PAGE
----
When did the B.C. legislature become a nest of greed and corruption? Time to find out what previous Speakers hid from the public.

Isn’t it amazing what comes out when the Speaker of the Legislative Assembly is not beholden to a political party?

Darryl Plecas, MLA for Abbotsford South, was booted out of the BC Liberal party for accepting the job of Speaker. That makes him the first Independent to serve as Speaker since 1902. Every other Speaker of the B.C. legislature — the person who is supposed to ensure impartiality in debates and proceedings — has been an MLA from the governing political party.

What problems could that lead to? It seems like we are finding out.

None of these allegations have been proven in court, but by now Plecas’s laundry list of misdeeds by B.C.’s sergeant-at-arms Gary Lenz and clerk Craig James are well known. If you haven’t read the report, I encourage you to go through all 76 pages. It reads like a novel — captivating, with twists and turns that will make make you gasp — until the nausea sets in when you realize how much of our money they spent on luxurious trips, lavish personal items (like a brooch for Mr. Lenz’s wife and a $1,100 suitcase) and eyebrow-raising salary increases, pre-retirement payouts and life insurance claims.

This kind of deep-seated entitlement, arrogance and greed takes years to cultivate. It is highly unlikely that Lenz and James only started their spree after Plecas became Speaker. The situation speaks to a deeper, darker rot that has set into the foundations of our democracy. Like black mold, it has been allowed to fester in the walls of the legislature itself. It did not get this bad overnight.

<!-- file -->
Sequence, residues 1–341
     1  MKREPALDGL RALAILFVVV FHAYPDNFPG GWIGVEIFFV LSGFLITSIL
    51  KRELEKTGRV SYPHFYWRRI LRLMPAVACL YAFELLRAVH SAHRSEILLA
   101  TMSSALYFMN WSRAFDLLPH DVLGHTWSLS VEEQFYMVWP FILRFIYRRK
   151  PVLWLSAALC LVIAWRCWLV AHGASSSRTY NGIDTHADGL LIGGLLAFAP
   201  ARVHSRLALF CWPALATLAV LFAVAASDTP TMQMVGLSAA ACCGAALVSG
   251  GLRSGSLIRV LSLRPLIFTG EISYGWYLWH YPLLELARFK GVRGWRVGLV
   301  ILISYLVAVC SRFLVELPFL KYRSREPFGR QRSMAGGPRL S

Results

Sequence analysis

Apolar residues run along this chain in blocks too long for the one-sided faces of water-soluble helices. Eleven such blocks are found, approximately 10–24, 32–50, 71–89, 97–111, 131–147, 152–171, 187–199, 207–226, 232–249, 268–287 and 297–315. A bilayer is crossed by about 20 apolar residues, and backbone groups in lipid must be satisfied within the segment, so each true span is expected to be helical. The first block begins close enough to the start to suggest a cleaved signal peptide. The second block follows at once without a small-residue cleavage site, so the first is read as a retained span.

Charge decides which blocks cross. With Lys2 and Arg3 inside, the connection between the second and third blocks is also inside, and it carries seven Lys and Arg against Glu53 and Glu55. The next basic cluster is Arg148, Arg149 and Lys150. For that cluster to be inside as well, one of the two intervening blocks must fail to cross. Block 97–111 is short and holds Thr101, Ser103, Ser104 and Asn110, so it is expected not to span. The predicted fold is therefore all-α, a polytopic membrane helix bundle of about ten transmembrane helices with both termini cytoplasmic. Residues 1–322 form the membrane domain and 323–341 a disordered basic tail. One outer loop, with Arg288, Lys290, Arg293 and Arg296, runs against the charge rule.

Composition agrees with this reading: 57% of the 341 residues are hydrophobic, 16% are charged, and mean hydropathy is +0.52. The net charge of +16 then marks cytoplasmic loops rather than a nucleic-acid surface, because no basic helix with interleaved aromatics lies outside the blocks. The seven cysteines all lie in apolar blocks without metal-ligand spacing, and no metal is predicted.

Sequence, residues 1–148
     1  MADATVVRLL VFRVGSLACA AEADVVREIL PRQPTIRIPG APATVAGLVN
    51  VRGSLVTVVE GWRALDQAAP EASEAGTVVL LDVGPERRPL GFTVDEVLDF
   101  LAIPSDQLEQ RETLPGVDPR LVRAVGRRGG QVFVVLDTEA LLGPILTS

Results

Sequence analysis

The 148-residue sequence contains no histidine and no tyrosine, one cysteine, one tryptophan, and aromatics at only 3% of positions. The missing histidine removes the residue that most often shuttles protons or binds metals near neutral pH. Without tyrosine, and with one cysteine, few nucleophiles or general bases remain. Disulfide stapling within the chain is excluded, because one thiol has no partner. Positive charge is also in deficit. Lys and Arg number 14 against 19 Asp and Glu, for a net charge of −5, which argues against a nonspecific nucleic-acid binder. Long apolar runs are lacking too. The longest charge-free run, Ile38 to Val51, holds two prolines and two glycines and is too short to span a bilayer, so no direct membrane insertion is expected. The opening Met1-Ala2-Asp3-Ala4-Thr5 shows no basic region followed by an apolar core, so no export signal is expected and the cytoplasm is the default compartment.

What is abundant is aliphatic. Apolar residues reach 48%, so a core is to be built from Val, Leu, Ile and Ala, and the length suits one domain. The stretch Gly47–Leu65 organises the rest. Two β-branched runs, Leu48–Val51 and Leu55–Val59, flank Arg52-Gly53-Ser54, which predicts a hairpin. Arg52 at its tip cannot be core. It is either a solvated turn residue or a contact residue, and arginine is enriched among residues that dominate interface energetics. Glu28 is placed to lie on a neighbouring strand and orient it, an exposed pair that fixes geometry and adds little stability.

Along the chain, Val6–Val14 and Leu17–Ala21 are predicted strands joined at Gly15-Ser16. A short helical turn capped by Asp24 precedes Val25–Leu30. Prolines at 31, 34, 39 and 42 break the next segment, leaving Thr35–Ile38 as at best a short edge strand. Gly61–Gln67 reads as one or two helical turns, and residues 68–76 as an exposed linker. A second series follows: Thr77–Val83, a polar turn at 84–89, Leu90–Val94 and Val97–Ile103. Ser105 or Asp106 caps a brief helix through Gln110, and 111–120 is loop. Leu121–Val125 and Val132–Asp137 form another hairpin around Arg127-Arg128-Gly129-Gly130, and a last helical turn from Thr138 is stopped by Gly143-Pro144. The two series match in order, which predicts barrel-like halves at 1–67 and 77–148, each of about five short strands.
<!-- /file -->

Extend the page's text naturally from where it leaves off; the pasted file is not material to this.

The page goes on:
Friends in high places

The Speaker of the Legislative Assembly is responsible for signing off on the expenses and human resources requests of other senior officers of the legislature, including the Clerk and the Sergeant-at-arms. As Speaker, Plecas was invited on trips with Lenz and James, where he was able to witness their spending habits first-hand. He was also able to review expenses they claimed, like the purchase of a wood splitter and tool trailer.

All that spending by legislature staff is normally shielded from public disclosure. In other words, the Speaker is in a unique position to blow the whistle on the Clerk and Sergeant-at-arms. But Plecas has only been in office since September 2017. Who was responsible for overseeing Lenz and James before? The previous Speaker, Linda Reid. Who is not an Independent, but rather a member of the BC Liberal caucus.

Plecas’s report only includes the records he was able to access, from April 2017 to December 2018. However, there is a strong suggestion this behaviour predated his arrival in the Speaker’s office. Linda Reid would have signed off on this nonsense for four long years. And it goes back even farther.